Welcome to our weekly open thread for the discussion of gaming plans, nagging questions, and whatever else we feel like talking about. No matter what the topic, we invite everyone in the comments to tell us: What Are You Playing This Weekend?
I’m pretty sure Diablo III has a plot. I’ve been playing it again on my PlayStation 4, and the edition I have comes with a subtitle: Reaper Of Souls. That sounds serious, right? That definitely seems like something that should have a story behind it. And the game works hard to confirm these suspicions. It’s organized in a five-act structure, with impressive cutscenes punctuating the beginning of each of those acts. Those cutscenes offer up some of the game’s most gorgeous, striking visuals, and so I can only assume that, on some level, they matter. There are characters you have to talk to during every play-through, characters with names. This can’t all be nonsense, can it?
But I have to say, however beautiful those cutscenes look and however many goofy fantasy names and settings the game throws at you, I don’t think there’s really any story here at all. Oh, there’s incident, sure; something with demons trying to take over the world and angels fighting them, and I’m sure there are magical artifacts involved somehow. But the whole thing is such a mess of cliché and po-faced nonsense that it’s impossible to get invested in any of it. Your character moves from place to place, killing thousands of monsters and following the humorless commands of various forgettable NPCs. Once, you kill someone’s wife because she’s possessed; apart from that, I can’t think of a single mission that meant more than checking a box.
I love Diablo III, but it’s the sort of love that I can’t think about too much. (Which means this essay may be a mistake.) Generally the games I invest time in are games that establish an emotional relationship with the player, that offer something more than just button pressing, whether it’s in the writing or the mechanics. I love The Last Of Us and The Legend Of Zelda: A Link To The Past equally, but for completely different reasons—and yet, I would be entirely comfortable defending the quality of either. Which isn’t to say that Diablo III is a bad game, per se. The controls are fluid, and it looks nice. It’s just…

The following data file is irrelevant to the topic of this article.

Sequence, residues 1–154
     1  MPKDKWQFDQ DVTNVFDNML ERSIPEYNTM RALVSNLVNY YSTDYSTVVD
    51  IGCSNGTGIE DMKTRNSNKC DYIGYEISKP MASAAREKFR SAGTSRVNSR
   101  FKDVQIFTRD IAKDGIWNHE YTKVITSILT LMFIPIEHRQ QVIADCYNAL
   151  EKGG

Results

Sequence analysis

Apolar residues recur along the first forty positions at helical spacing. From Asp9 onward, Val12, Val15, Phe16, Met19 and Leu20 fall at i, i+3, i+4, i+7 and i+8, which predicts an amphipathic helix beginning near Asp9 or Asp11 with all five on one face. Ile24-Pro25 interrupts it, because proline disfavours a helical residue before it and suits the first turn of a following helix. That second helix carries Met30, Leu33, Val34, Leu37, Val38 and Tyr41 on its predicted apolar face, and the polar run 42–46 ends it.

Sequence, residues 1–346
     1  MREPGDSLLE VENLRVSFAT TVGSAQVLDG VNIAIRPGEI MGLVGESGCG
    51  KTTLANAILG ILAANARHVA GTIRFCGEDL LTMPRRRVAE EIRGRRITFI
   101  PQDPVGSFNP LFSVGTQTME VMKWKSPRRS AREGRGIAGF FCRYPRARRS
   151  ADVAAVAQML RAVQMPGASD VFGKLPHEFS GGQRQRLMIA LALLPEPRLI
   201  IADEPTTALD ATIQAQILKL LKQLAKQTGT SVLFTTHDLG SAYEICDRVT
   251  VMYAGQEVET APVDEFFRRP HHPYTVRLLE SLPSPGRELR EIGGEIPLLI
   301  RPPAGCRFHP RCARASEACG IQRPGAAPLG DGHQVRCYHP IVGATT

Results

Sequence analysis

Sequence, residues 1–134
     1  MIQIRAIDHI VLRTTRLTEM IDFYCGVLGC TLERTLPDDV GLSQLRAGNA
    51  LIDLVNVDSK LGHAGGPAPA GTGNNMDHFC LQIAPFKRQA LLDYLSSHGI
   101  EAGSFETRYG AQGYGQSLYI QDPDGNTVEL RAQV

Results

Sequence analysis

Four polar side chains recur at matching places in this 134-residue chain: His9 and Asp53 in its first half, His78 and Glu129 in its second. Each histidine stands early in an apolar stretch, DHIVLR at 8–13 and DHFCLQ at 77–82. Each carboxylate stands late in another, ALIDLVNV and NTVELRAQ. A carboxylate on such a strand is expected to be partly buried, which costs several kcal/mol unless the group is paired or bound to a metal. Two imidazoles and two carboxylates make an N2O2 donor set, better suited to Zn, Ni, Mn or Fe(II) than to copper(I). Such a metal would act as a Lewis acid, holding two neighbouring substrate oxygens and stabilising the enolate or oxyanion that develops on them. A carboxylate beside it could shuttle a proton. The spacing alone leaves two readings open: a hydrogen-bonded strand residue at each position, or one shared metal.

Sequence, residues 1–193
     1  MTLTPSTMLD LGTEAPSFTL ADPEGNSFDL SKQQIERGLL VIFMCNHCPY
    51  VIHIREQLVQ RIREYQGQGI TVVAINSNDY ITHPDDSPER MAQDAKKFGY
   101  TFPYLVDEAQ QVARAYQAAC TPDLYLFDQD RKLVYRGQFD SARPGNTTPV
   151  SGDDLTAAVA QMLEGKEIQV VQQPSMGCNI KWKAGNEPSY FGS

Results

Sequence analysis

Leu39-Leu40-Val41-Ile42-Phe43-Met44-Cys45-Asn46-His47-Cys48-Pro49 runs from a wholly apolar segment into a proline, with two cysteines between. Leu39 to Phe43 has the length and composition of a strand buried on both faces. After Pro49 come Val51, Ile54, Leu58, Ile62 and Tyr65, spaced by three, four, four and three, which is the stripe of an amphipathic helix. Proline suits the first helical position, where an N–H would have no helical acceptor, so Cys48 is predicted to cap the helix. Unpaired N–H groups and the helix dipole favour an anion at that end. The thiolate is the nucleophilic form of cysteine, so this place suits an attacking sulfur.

Why the hell am I playing it? After a couple of hours (at most), you’ve basically seen everything the core mechanics have to offer. Here are some attacks, here are some demons, have at. The settings change, but the changes are largely cosmetic, more a way to distract you from the familiarity than anything like actual depth. Sometimes you fight bigger demons, and occasionally you’ll find partners to help you on your quest. An obsessive could probably detail the granular differences between those partners and between the various beasts you encounter, but for more shallow players like myself, the experience is so simplistic as to border on the absurd.
I love it, though. I get burned out from time to time, but when I’m in the right mood, this is exactly the sort of experience I want: something straightforward and relatively easy, with just enough novelty to hold my attention. And there is some novelty. A big reason the game is so addictive is that it strings players along with various rewards, both in terms of character ability and equipment. Every combat presents an opportunity to gain experience and find gear, and the incremental rewards that experience and gear offer are the carrot that keeps pulling you along. It’s a loop that can be surprisingly satisfying for hours on end—go questing, get stuff, use it to make better stuff, hone your character’s skills, learn new attacks so you can kill more monsters to get better stuff and hone your character’s skills. And so on.
I can waste hours on this, and lately I have been: closed off in my room, a random episode of Mystery Science Theater 3000 running on my laptop, death and destruction flashing across the TV screen. In fact, lately it seems like this is the only kind of game I can really get into—something that barely rises above the level of popping bubble wrap. It forces me to question what I really look for in video games. Escapism is one thing; this is a flow that borders on self-induced hypnosis. There’s nothing wrong with that (at times of great stress, having something mindless to drone out to can be a godsend), but as soon as I start to question just what I’m actually getting out of the experience, the pleasure is lost. So yes, writing this essay was definitely a mistake.